Scores of militants killed as Pakistan responds to school massacre

Military reports more than 50 militants dead in multiple offensives and two terror convicts are hanged, ending six-year moratorium.
Pakistani soldiers patrol an army-run school in Peshawar on December 19, 2014, three days after it was attacked by Taliban militants. A Majeed / AFP
Pakistani soldiers patrol an army-run school in Peshawar on December 19, 2014, three days after it was attacked by Taliban militants. A Majeed / AFP

PESHAWAR, Pakistan // More than 50 suspected militants were killed in Pakistani military strikes on Friday and two convicted militants were hanged as the country intensified its campaign against insurgents in the wake of a Taliban assault on a school that killed 149 people.

The bloody rampage in Peshawar city on Tuesday brought international condemnation and promises of swift, decisive action against militants from Pakistan’s political and military leaders.

Pakistan’s de facto foreign minister Sartaj Aziz said the attack was his country’s own “mini 9/11” and a game changer in its fight against terror.

The first hangings of militant prisoners on death row came days after Prime Minister Nawaz Sharif lifted a moratorium on executions in terror cases.

An ambush by security forces in the north-west on Friday left at least 32 militants dead, the military said, to add to 27 killed in airstrikes and ground operations on Thursday.

In a separate operation on Friday, 18 more militants were killed in Khyber, the military said.

The army has been waging a major offensive against longstanding Taliban and other militant strongholds in the restive tribal areas on the Afghan border for the last six months.

But a series of fresh strikes after the Peshawar attack, which wrought devastation at an army-run school, suggest the military is stepping up its campaign.

As the Peshawar tragedy unfolded, army chief General Raheel Sharif said the attack had renewed the forces’ determination to push for the militants’ “final elimination”.

In the southern city of Karachi on Friday, a suspected local Taliban commander and three cadres were also killed during a raid by government paramilitary Rangers personnel.

But the head of the hardline Islamabad Red Mosque slammed the army operation in North Waziristan as “un-Islamic” and said the Taliban slaughter in Peshawar was understandable.

“O rulers, O people in power, if you will commit such acts, there will be a reaction,” Maulana Abdul Aziz told worshippers.

Around 250 people protested outside the Red Mosque in the evening, denouncing hardliners like Abdul Aziz as Taliban sympathisers.

The two militants hanged on Friday were among six insurgents convicted in military courts whose death warrants the army chief signed late on Thursday.

They were identified as Aqil alias Doctor Usman and Arshad Mehmood by the home minister of Punjab province, where the executions were carried in been hanged in Faisalabad jail.

Aqil was convicted for an attack on the army headquarters in Rawalpindi in 2009 and was arrested after being injured.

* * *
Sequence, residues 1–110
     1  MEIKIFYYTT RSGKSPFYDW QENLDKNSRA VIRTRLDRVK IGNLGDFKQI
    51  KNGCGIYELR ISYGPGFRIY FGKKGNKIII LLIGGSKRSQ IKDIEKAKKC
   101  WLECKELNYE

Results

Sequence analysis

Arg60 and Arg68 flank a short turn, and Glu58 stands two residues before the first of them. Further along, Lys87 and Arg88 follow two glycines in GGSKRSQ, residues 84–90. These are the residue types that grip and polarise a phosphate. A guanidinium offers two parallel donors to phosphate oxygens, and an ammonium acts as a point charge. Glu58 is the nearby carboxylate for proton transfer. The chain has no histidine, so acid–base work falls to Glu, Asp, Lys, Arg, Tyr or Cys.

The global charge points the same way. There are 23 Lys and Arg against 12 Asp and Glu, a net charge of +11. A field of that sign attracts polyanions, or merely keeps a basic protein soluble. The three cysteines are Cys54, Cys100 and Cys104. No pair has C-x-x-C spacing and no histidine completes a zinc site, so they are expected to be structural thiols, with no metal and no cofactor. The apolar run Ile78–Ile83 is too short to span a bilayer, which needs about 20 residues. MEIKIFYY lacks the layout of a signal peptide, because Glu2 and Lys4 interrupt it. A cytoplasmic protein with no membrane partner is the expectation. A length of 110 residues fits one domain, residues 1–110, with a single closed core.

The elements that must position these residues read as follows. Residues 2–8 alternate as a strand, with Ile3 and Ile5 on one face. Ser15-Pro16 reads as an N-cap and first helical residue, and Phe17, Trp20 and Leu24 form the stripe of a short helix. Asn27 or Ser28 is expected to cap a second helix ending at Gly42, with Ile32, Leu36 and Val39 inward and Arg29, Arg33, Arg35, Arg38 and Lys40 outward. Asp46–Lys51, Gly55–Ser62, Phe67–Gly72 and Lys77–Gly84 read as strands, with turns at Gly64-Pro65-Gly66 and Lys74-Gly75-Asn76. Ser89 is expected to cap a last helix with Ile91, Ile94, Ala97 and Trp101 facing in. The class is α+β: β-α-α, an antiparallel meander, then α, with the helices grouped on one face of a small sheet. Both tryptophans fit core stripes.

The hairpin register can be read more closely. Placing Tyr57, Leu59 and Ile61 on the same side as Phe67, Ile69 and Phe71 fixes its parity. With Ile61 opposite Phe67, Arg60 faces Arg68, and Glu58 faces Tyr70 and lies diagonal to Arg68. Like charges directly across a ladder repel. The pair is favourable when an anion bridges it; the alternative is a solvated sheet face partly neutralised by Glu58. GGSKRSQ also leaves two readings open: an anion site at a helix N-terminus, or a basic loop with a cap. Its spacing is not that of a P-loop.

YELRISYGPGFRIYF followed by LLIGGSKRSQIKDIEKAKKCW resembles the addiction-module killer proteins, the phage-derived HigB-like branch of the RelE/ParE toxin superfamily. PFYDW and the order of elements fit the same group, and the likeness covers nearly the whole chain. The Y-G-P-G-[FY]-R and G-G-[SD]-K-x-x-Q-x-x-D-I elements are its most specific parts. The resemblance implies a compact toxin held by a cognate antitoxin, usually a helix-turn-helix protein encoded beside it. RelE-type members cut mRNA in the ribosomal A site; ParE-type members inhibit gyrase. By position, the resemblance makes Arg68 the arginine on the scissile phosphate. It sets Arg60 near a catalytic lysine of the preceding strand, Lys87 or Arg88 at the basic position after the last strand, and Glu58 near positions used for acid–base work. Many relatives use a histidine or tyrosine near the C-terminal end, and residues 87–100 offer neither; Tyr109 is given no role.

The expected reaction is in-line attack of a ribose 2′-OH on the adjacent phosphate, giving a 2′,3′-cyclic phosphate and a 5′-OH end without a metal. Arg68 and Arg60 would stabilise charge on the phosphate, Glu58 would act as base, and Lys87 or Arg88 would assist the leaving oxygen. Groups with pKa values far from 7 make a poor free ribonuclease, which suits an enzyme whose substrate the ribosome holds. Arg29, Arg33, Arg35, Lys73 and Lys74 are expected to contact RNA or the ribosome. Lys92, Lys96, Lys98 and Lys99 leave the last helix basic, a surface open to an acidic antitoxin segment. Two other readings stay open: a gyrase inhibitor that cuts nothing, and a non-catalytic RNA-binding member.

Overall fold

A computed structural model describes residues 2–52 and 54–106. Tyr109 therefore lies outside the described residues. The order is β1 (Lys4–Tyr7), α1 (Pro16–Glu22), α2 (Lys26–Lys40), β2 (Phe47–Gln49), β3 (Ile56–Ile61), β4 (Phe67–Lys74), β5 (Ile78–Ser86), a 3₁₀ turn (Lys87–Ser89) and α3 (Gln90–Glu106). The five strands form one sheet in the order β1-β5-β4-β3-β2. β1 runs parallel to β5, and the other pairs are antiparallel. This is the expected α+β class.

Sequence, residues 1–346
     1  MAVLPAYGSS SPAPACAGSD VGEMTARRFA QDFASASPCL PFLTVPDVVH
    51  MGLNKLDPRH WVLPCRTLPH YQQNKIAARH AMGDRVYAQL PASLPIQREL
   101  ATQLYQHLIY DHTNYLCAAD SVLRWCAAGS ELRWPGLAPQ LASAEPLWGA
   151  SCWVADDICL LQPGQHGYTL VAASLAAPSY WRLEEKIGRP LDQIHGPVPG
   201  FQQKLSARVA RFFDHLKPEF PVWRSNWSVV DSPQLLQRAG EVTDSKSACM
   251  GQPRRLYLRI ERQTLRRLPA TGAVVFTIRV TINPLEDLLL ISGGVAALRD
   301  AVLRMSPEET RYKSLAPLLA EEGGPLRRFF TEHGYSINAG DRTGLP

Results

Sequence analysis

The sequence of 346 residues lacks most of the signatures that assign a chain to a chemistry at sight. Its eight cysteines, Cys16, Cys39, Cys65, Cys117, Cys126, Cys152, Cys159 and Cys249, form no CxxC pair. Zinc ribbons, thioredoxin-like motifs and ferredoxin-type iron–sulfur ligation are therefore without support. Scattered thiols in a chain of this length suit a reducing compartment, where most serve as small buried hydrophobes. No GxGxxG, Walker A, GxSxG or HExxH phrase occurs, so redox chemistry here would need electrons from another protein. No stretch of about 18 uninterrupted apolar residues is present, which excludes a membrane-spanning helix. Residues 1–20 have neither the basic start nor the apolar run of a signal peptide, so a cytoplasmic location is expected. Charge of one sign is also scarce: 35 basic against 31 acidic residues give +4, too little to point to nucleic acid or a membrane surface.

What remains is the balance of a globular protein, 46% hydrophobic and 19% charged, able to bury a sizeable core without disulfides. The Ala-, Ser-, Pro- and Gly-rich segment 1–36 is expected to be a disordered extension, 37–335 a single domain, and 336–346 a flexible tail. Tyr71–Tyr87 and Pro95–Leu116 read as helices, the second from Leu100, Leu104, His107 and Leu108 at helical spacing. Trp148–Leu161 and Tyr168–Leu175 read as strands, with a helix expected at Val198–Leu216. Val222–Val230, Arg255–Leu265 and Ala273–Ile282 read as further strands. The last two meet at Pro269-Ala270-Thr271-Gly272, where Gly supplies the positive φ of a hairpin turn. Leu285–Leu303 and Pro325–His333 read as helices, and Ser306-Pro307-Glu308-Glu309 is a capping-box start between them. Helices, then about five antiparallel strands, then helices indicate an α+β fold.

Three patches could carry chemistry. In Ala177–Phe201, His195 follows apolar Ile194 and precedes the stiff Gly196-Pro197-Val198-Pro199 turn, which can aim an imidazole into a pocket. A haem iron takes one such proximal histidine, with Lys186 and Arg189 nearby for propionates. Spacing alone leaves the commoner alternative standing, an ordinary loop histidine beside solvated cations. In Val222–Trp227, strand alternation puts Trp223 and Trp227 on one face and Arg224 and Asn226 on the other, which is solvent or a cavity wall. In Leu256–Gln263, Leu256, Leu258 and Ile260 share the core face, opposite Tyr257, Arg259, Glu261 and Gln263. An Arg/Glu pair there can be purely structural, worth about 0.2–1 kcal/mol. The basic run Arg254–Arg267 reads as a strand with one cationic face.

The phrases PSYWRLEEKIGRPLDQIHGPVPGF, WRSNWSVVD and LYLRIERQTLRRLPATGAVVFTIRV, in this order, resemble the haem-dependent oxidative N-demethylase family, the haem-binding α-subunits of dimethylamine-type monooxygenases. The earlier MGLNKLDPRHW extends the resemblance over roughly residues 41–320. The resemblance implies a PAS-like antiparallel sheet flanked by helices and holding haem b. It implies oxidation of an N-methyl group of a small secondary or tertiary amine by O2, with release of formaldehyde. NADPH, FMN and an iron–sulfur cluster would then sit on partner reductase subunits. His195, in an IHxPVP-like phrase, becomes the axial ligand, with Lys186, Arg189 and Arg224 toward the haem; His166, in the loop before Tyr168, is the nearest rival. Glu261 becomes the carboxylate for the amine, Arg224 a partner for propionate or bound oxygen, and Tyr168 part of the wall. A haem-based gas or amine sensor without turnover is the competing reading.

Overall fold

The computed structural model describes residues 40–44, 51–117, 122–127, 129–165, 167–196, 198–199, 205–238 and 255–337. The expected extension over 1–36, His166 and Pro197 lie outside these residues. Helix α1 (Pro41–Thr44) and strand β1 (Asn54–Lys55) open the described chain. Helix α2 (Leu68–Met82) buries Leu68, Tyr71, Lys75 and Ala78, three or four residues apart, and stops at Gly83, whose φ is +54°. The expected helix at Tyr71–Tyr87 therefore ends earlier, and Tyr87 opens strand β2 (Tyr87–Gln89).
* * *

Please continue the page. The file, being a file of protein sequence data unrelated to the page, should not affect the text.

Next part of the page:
Arshad Mehmood was convicted for his involvement in a 2003 assassination attempt on former military ruler General Pervez Musharraf.

The prime minister’s announcement that hangings would resume for terror convicts, ending a six-year moratorium, triggered warnings of a possible jailbreak attempt in Khyber-Pakhtunkhwa, the troubled northwestern province that has Peshawar as its capital.

Security officials said there were fears that militant groups could try to spring high-ranking comrades from jails to avoid the noose.

Rights groups estimate Pakistan has at least 8,000 prisoners on death row, and courts continue to pass the sentence, but the country has had a de facto moratorium on civilian executions since 2008.

The only prisoner to be executed since then was a soldier convicted of murder by a military court, hanged in 2012.

The death toll from Tuesday’s school attack rose to 149 on Friday as a critically wounded student succumbed to his injuries overnight in hospital, security officials said.

The atrocity was already the deadliest terror attack in Pakistan’s troubled history, surpassing the 139 killed in bomb blasts targeting former prime minister Benazir Bhutto in 2007.

Mr Aziz, the prime minister’s foreign affairs and national security advisor, said the assault was a “game changer”.

“This has shaken the entire Pakistani society to the core, and in many ways it’s a threshold in our strategy for countering terrorism,” he said.

“Just like 9/11 changed the US and the world forever, this 16/12 is kind of our mini 9/11.”

Pakistan has long been accused of playing a double game with militants groups, supporting those it thinks it can use for its own strategic ends.

But Mr Aziz said that way of thinking was at an end after Tuesday, when heavily-armed fighters went from room to room at the school, gunning down children.

Islamabad has complained in recent months of Afghanistan’s sluggishness in dealing with TTP havens in its territory, but Mr Aziz said progress had been made.

“We are encouraged by the new Afghan leadership’s resolve to take action against the sanctuaries where terrorists have taken refuge,” he said.

* Agence France-Presse

Published: December 20, 2014 04:00 AM

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